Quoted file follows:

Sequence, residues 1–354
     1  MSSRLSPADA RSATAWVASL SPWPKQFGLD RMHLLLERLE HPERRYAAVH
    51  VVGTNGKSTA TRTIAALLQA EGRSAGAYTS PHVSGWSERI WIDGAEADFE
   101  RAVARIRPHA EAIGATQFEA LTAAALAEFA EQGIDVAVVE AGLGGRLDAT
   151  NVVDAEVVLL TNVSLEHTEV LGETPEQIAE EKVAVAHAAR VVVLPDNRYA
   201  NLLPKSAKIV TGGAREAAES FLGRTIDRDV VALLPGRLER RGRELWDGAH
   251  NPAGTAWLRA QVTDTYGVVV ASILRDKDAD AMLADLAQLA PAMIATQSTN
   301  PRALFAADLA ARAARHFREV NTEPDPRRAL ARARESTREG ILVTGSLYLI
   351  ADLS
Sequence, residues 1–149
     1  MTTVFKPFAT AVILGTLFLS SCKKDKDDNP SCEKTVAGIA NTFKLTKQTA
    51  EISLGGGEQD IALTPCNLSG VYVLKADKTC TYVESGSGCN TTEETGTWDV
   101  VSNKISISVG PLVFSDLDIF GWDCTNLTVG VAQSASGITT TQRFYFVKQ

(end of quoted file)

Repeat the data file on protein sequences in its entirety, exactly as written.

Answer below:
Sequence, residues 1–354
     1  MSSRLSPADA RSATAWVASL SPWPKQFGLD RMHLLLERLE HPERRYAAVH
    51  VVGTNGKSTA TRTIAALLQA EGRSAGAYTS PHVSGWSERI WIDGAEADFE
   101  RAVARIRPHA EAIGATQFEA LTAAALAEFA EQGIDVAVVE AGLGGRLDAT
   151  NVVDAEVVLL TNVSLEHTEV LGETPEQIAE EKVAVAHAAR VVVLPDNRYA
   201  NLLPKSAKIV TGGAREAAES FLGRTIDRDV VALLPGRLER RGRELWDGAH
   251  NPAGTAWLRA QVTDTYGVVV ASILRDKDAD AMLADLAQLA PAMIATQSTN
   301  PRALFAADLA ARAARHFREV NTEPDPRRAL ARARESTREG ILVTGSLYLI
   351  ADLS
Sequence, residues 1–149
     1  MTTVFKPFAT AVILGTLFLS SCKKDKDDNP SCEKTVAGIA NTFKLTKQTA
    51  EISLGGGEQD IALTPCNLSG VYVLKADKTC TYVESGSGCN TTEETGTWDV
   101  VSNKISISVG PLVFSDLDIF GWDCTNLTVG VAQSASGITT TQRFYFVKQ